Clearing your debts is the best way to save

Pay off what you owe with care and you will be better off, says Jenne Mannion
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The Independent Online

Paying off debts seems an unexciting way to spend spare cash but, in terms of getting your finances in order, it is one of the most sensible things. Most people have some debt, whether credit cards, personal loans or mortgages. And this level of debt is huge. British consumers owe more than a trillion pounds on cards, mortgages and loans, according to the Bank of England.

Even though interest rates are at historically low levels, these debts are stinging you in the form of interest that will continue to accumulate and compound until you manage to get yourself back in the black. And there seems to be a trend toward higher interest rates.

Paul Ilott, an independent financial adviser at Bates Investment Services, based in Leeds, says provided you have put aside some "rainy day" money, then it almost always makes sense to pay off debt first, rather than build up savings.

Usually, it is the case that your money is better spent reducing any debt than it would be if you hold the same amount of money in even one of the best interest-bearing savings accounts. The obvious reason for this is that generally the cost of borrowing money is more than what you can earn from a savings account. The current average standard variable rate for mortgages is 6.75 per cent, rather higher than all but the very best savings accounts, and the rates on credit cards are higher still.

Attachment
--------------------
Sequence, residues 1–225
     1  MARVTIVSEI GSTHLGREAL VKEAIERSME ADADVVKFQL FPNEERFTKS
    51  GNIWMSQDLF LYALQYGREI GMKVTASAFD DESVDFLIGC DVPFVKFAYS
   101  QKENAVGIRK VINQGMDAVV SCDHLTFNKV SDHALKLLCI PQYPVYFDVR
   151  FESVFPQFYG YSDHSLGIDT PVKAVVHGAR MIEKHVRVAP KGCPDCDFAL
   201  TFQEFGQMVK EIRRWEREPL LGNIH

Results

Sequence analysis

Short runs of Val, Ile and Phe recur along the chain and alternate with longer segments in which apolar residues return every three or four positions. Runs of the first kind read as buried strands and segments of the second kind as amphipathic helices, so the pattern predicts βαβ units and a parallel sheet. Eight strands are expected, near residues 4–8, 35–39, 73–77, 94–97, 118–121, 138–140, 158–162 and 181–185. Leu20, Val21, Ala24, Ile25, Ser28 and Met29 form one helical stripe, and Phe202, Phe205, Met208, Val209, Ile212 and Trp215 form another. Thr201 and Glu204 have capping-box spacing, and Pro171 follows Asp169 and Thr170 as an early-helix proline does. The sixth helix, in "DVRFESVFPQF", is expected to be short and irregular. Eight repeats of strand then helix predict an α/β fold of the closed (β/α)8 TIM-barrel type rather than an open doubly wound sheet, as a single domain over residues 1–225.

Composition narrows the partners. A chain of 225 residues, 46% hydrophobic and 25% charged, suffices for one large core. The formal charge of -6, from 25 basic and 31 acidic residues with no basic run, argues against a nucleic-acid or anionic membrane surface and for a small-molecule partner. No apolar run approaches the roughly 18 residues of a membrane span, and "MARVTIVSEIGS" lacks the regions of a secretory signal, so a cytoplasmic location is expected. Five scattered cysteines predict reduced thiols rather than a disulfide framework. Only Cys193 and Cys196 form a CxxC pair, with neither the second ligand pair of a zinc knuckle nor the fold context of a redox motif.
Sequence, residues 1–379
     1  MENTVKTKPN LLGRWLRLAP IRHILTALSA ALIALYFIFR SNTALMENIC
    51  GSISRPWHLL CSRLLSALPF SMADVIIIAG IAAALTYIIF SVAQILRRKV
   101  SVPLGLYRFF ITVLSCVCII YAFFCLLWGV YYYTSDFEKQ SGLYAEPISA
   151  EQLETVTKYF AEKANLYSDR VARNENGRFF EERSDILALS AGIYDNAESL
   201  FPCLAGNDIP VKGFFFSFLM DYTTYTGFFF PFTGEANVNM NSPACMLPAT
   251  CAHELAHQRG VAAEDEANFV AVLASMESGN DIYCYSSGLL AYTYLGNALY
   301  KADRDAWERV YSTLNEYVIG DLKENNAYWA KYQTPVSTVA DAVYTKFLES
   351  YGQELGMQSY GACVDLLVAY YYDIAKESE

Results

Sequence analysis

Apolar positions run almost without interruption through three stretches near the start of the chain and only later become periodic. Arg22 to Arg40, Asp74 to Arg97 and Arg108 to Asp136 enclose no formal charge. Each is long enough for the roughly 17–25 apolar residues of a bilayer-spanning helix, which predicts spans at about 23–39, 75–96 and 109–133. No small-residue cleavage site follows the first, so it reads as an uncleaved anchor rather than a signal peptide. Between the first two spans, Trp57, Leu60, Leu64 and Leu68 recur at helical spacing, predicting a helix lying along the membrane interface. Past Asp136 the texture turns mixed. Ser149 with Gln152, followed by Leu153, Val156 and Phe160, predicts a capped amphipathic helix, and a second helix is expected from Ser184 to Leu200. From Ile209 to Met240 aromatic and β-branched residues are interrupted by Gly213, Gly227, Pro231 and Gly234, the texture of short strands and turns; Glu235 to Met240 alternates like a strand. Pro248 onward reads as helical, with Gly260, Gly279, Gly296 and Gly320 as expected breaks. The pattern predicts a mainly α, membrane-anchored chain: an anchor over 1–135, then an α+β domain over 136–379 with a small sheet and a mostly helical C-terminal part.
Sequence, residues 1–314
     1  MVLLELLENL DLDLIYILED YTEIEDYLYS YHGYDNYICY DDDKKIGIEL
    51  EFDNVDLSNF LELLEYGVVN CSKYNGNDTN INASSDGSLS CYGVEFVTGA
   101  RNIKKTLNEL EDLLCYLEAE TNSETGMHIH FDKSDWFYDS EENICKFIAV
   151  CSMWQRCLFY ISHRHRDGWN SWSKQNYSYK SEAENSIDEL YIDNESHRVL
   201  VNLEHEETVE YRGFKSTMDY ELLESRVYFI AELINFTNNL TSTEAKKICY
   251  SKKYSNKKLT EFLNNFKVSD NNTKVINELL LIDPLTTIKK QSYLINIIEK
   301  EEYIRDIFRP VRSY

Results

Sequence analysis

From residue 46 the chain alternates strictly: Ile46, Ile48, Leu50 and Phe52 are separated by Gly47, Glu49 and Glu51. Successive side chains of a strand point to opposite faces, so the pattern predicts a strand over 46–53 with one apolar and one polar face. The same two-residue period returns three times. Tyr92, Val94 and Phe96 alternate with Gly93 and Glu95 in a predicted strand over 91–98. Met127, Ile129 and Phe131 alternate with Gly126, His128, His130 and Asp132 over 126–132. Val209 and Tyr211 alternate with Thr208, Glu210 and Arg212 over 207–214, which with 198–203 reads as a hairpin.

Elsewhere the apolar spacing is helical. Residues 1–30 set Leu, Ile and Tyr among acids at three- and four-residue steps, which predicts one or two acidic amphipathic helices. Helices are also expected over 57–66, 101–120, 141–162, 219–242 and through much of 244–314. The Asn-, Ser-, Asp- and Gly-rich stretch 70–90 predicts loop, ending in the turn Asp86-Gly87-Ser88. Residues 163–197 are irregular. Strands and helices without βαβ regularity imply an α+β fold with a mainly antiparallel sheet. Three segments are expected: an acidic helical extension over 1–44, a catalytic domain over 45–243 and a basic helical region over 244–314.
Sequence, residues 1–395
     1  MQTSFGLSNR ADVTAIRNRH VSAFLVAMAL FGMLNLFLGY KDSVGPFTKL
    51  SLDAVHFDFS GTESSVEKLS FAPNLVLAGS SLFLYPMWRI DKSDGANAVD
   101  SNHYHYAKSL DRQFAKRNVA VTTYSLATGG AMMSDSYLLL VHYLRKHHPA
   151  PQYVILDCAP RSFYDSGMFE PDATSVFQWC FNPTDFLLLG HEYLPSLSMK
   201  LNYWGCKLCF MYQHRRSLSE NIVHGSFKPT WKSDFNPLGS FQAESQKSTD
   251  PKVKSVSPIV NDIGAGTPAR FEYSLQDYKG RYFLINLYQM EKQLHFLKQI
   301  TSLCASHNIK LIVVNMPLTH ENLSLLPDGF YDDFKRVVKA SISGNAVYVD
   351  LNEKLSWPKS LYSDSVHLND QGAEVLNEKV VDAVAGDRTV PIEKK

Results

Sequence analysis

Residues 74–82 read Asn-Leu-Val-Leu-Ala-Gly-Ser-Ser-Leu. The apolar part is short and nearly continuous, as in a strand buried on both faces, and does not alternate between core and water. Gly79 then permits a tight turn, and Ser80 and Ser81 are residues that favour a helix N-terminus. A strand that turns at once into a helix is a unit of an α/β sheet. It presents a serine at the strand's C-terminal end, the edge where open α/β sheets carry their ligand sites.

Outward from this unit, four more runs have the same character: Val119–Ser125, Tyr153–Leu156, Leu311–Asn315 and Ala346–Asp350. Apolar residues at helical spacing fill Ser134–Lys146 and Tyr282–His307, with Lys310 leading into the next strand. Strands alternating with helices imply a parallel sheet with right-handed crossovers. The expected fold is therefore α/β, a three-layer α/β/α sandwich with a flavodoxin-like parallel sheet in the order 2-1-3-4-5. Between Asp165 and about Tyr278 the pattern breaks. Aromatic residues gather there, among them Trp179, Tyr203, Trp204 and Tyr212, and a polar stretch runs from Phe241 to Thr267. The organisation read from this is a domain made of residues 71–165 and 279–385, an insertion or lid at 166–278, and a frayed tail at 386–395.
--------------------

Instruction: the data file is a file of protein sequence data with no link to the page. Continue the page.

Although there is a lot of competition among credit cards and you can often access interest-free deals for shorter periods, the standard variable rate tends to be about 16-20 per cent per annum. Store cards are even more excessive. Earlier this year, the Office of Fair Trading found that store cards charged an APR about 10 per centage points above standard credit cards. Some store cards, such as Debenhams and Toys R Us, have APRs of an exorbitant 29.9 per cent.